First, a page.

This post is very personal but I felt like talking about it. My biggest wish is to spread awareness to this topic.
I've been dealing with this disorder ever since I can remember. I remember going on my first class outing in Elementary school; being terribly home sick and all I wanted was to go home. I cried for four days non stop but they wouldn't let my parents come to pick me up from there. Of course, I didn't have a mobile phone back then, so I wasn't able to call my parents whenever I wanted. During those four days, my biggest fear was that something would happen to my family and that they won't be there anymore when I come home. I was afraid that my family could be involved in an accident or that someone would kill them. Needless to say that the class outing was everything but a fun trip for me. The years passed and the fear grew bigger and bigger. Every time a class outing was pending, I felt anxious and had nightmares and stomach ache weeks before the outing itself. I would try not to let the others see how I'm feeling but there were so many times when my fear was so big that I would search a lonely spot to cry. That went on for years. Twice I pretended I was sick so I didn't have to go. It's ridiculous, I know, but I know that I wouldn't be able to enjoy it anyway as the fear is always in my mind. Even nowadays, at work, when people come up with the idea of outings, I find excuses. It's more than frustrating that I can't tell the truth but almost nobody takes thantophobia serious. I am thankful for my parents, who care, understand and try to help me as much as they can. Usually, "Don't make such a fuss!" or "That's absurd." are typical responses to this disorder.
Thanatophobia goes hand in hand with depression and restricts the daily life of the affected persons considerably. After I finished school, I suffered from depression and it made my thantophobia even worse. I was at home for a whole year and almost every time my parents left the house for work or to go to the grocery store, I started worrying, imagining the worst scenarios. The most terrifying thing that could happen was when my mum didn't answer her phone. The demons in my mind were telling me she's dead and that she'll never be able to hug me again. Crying fits and panic were guaranteed.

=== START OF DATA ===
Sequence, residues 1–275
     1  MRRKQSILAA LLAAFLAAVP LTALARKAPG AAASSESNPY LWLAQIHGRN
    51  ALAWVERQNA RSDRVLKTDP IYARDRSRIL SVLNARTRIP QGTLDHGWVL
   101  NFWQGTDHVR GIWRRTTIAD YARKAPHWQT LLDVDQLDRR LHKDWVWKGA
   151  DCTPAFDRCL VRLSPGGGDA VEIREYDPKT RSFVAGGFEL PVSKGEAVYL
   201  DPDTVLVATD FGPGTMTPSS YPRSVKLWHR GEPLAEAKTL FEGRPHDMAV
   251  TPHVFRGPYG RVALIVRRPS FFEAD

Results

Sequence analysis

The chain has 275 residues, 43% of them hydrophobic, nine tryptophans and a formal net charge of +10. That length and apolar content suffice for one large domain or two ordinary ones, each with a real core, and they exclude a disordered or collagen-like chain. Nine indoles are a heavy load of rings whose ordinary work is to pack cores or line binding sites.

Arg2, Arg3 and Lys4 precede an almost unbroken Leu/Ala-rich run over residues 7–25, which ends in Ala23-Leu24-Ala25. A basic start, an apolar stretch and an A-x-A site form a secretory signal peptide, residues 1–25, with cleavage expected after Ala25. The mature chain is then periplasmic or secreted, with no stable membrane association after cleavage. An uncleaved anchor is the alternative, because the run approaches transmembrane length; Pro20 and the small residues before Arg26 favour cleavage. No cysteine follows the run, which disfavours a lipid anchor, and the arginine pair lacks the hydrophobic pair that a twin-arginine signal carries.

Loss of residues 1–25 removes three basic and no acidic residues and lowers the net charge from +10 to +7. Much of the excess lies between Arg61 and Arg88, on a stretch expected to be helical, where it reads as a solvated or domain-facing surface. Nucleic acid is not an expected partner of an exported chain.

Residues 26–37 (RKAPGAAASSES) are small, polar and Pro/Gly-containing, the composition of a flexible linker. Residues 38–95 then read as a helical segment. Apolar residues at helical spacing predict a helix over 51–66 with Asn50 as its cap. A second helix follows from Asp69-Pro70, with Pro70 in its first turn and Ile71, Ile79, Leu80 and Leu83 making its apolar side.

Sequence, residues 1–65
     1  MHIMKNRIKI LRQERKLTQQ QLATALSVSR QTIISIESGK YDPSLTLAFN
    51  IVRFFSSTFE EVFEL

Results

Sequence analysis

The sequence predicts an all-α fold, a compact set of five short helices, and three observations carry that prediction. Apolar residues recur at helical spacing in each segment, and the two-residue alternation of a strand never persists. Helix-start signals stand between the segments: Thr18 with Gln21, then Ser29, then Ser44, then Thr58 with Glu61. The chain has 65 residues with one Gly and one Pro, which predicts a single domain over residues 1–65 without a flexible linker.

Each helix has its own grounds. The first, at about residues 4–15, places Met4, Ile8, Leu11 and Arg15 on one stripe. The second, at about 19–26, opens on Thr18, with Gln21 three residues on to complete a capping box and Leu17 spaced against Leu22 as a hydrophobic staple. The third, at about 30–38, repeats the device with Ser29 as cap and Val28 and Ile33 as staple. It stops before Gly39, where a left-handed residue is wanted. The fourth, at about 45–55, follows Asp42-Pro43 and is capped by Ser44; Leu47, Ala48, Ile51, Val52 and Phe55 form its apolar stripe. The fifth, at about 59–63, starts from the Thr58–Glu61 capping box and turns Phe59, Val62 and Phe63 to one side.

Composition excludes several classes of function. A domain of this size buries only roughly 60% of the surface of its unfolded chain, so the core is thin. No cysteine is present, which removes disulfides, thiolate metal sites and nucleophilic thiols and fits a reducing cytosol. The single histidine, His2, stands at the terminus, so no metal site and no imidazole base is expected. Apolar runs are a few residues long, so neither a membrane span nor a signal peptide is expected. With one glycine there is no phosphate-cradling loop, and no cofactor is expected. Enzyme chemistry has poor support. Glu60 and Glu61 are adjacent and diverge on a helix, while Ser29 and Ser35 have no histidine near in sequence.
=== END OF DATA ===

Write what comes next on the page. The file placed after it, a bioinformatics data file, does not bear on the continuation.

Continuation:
I had dreams - my biggest dream was working in Disneyland Paris. Living my life like I'm supposed to, in the most magical place on earth. For 6 years, I've been learning French like a lunatic so I can make my dream come true. Thantophobia shattered everything. How could I go and live about 550km away from my family when I start panicking when they go to the local grocery store already? It's devasting to lose my dream because of an abnormal and unfounded fear of mine.
Once I finish my apprenticeship, I'd like to continue my education and learn the job of a registrar. I don't know yet if I'll ever be able to do it because I'd have to live in a city that's over 160km away from home. I guess people who don't suffer from thantophobia will never be able to fully understand the problems people like me are facing. It's fucking scary. Our life quality is severely restricted and we sometimes just can't do the things other people can do easily. Dealing with elderlies or people who suffer from illness is triggering to me. It's terrible to say so, I'm aware of that.
This anxiety disorder is a bitch. You may think you've beat it but it's coming back every time when you don't expect it. It's eating you from the inside. There were many times in my life when I believed I can finally stop worrying but the demons always find a way to poison my mind again. One of my biggest wishes is that one day, I'll be able to leave this fear behind but I assume that it'll always be a part of me.
Quote of the Day: "And oh, I'm losing sight, I'm losing touch - all these little things seem to matter so much, that they confuse me. That I might lose me." -Stevonnie